The connections to communist leaders has prompted a potentially colossal and emblematic lawsuit against the multi-billion dollar car company for political discrimination in Venezuela. The dispute has many young professionals wondering whether companies should be able to use controversial figures or cross political-party lines as a way of advertisement and to what extent should they be willing to meet their moral responsibilities in the case of political extortion.
The Mer-‘Che’-des Mess
When it comes to advertising in a competitive market it is no surprise that companies are willing to go a long way to make their product stand out. However, this time Mercedes Benz may have crossed the political line. The luxury car corporation displayed a new ad targeting Latin America during a presentation in Florida this past January.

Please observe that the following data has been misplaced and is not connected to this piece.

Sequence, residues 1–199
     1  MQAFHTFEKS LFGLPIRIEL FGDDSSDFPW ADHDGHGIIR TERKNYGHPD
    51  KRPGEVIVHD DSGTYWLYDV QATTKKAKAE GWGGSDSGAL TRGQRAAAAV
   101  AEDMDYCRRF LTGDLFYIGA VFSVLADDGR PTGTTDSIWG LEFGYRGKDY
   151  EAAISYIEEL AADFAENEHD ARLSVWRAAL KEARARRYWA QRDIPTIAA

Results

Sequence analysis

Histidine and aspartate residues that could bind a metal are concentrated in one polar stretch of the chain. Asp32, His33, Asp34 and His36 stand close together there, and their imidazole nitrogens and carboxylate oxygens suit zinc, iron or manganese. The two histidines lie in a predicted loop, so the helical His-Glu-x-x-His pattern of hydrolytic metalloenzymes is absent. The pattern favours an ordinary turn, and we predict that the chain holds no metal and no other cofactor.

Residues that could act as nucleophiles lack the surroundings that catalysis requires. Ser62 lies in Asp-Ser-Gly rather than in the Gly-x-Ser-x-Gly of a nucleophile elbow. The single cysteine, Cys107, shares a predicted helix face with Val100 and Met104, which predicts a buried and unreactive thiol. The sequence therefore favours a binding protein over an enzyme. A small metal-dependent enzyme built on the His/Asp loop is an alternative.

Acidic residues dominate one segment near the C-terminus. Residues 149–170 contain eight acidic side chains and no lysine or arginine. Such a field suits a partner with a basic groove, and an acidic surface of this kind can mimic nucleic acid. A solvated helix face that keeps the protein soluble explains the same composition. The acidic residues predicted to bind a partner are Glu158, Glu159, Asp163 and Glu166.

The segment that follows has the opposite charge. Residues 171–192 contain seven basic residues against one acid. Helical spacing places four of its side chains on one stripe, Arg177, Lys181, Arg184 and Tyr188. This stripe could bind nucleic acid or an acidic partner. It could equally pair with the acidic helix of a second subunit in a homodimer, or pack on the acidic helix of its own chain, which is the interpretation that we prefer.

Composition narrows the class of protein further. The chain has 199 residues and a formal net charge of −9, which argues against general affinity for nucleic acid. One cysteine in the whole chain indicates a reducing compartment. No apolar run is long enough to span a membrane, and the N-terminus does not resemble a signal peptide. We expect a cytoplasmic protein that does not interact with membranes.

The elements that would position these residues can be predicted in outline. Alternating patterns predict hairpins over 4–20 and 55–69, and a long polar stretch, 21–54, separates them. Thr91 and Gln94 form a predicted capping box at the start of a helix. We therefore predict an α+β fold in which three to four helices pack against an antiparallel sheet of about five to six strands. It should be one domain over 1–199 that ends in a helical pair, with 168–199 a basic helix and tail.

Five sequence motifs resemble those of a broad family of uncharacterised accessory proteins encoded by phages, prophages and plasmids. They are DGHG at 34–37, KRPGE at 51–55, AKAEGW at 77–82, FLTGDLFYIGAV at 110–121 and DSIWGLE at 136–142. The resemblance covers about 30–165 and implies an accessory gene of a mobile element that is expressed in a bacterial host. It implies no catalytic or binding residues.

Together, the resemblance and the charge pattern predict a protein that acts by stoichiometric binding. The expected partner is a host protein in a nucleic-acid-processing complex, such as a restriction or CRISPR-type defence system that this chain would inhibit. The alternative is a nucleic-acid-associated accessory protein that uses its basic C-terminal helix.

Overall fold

The popular MB 250 was spotted alongside a picture of the Marxist revolutionary, Ernesto “Che” Guevara, who was sporting a beret with the eminent car trademark and was accompanied by the same infamous slogan that drove the Cuban rebellion, “long live the revolution”.
Che was an Argentinian military theorist and guerrilla leader whose controversy is due to his pivotal role in the Cuban revolution and his connection to Fidel Castro. To some he was a hero who fought against the endemic poverty and inequalities in Latin America, but to others he was considered a ‘mass murderer’ for executing war criminals during the revolution.
Even though Che might not be seen as a ‘murderer’ in everyone’s eyes, MB’s advertising stunt clearly backfired. Perhaps their marketing director should have been warned that along with politically renowned figures comes the opposition.
Respectively, as Cuban exiles in Florida head to the streets in protest, the German manufacturer, Daimler AG, quickly apologized for their advertising stunt, saying their promotional use of Che was clearly “thoughtless” and “stupid” and that it was not their intentions to offend anyone.
Kim Jong’s Passion